Getting Into A Spacesuit and "Going EVA"

Getting Into A Spacesuit and "Going EVA"
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Going out for a (space)walk

Getting ready for an extra-vehicular activity is no piece of cake, and neither is the spacewalk that follows. Thanks to engineers who have worked to reduce the size and complexity of spacesuits, NASA’s current generation of “extravehicular mobility unit”, or EMU, for short, is a far easier garment to get into than its Apollo predecessors. only requiring about five minutes to don and requiring no assistance to do so, but it is still far from a science fiction “suit up and fly away”, preparation-free process. The existing EMU is a marvel of design and technology in and of itself- in fact, in all respects, it is the equivalent of a personal spaceship, providing air, insulation against cold and heat, and protection against the occasional small micrometeoroid.

The suit can’t just be put on while wearing shirtsleeves, however; there is a cooling garment worn under the EMU that circulates water and conditioned air throughout the spacesuit. Being comfortable is a major concern, since spacewalkers may well spend 8 hours in it!

Prior to suiting up, the first adjustment is to acclimate to the all-oxygen atmosphere the EMU uses. Since the suits are not fully pressurized, there is the potential for nitrogen in their blood to come out of solution, causing the same “bends”, or nitrogen narcosis, as divers worry about. To avoid this, they pre-breathe oxygen for a period of time beforehand. In the case of the shuttle, the pressure is dropped from a full atmosphere (14.7 pounds per square inch) to about 10 psi, while in the ISS, they sleep overnight, or “camp out”, in the airlock at that lower pressure. In both cases, spacewalkers begin to pre-breathe pure oxygen about a half-hour before putting on the spacesuit.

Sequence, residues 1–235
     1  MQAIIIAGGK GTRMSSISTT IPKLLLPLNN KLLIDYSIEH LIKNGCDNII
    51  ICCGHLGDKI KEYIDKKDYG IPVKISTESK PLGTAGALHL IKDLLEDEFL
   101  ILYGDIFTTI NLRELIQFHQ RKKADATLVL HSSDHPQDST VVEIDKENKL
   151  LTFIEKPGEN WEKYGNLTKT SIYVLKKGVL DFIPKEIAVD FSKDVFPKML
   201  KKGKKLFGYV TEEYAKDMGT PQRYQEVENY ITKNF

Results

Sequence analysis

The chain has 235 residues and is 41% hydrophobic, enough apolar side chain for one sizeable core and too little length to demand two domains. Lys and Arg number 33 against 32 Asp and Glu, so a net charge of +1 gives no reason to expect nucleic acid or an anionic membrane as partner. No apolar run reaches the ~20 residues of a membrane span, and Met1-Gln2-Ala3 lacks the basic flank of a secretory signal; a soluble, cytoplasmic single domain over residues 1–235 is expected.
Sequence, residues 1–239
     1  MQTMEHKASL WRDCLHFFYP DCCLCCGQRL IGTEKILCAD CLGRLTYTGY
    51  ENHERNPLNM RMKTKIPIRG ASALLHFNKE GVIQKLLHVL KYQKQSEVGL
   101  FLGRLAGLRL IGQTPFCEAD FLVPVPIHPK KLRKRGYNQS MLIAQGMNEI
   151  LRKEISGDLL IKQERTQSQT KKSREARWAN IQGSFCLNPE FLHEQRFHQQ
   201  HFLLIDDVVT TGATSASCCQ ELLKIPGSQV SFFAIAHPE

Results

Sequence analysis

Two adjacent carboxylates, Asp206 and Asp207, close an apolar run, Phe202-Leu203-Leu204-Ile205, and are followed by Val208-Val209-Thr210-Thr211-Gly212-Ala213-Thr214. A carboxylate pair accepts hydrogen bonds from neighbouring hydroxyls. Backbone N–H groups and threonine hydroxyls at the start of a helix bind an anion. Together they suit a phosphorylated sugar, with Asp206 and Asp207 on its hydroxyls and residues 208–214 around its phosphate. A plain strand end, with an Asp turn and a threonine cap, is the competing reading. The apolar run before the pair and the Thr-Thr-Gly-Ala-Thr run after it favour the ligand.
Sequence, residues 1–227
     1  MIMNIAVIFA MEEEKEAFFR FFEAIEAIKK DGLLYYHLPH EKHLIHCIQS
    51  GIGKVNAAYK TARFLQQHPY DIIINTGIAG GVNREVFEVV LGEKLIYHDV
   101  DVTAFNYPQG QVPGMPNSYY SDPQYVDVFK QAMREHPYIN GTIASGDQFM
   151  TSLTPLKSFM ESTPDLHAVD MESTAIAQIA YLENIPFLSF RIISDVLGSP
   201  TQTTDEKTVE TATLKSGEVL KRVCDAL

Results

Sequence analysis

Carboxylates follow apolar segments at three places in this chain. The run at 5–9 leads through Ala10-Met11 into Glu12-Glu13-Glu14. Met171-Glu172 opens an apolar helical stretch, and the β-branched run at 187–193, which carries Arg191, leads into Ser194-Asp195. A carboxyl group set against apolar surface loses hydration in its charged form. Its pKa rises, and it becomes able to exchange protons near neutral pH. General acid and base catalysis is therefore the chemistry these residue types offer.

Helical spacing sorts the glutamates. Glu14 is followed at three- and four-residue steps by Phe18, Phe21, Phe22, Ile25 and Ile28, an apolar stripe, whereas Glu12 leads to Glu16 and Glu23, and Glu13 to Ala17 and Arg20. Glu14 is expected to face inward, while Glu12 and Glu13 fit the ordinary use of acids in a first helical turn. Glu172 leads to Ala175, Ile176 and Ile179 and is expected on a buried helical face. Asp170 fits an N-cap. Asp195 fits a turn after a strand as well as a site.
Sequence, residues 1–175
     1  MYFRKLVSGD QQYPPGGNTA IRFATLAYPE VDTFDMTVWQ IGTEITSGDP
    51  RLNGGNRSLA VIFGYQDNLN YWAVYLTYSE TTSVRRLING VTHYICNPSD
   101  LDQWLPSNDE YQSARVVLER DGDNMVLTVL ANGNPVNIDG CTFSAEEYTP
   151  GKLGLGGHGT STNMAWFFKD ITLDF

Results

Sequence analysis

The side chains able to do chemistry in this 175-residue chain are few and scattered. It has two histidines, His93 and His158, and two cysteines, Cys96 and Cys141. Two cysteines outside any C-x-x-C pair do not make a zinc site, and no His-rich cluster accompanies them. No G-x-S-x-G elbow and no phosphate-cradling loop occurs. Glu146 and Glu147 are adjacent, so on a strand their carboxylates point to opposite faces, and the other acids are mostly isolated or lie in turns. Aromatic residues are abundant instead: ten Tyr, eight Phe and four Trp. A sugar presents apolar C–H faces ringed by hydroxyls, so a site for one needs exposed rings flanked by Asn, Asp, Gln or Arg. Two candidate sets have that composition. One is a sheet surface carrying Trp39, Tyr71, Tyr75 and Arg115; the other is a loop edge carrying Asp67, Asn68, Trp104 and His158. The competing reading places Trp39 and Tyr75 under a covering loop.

Putting on the suit itself is rather straightforward- put on the trousers first, then don the upper torso. Before connecting the two, the cooling garment is plugged into the PLSS (portable life support system) permanently attached to the back of the spacesuit. From there, all that remains is to pressurize the suit, then put on the gauntlets, communications carrier, affectionately known as the Snoopy hat, and the helmet. After a leak check, the airlock is depressurized, the suit switched to EVA pressure, and the EVA begins.



Image by NASA